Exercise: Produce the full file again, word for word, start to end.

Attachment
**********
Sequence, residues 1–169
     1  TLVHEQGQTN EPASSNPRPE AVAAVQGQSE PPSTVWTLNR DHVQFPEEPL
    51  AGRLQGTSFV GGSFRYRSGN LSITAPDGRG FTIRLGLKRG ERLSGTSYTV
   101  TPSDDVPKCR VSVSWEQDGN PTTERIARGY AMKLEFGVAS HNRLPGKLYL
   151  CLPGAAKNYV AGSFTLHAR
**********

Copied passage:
Sequence, residues 1–169
     1  TLVHEQGQTN EPASSNPRPE AVAAVQGQSE PPSTVWTLNR DHVQFPEEPL
    51  AGRLQGTSFV GGSFRYRSGN LSITAPDGRG FTIRLGLKRG ERLSGTSYTV
   101  TPSDDVPKCR VSVSWEQDGN PTTERIARGY AMKLEFGVAS HNRLPGKLYL
   151  CLPGAAKNYV AGSFTLHAR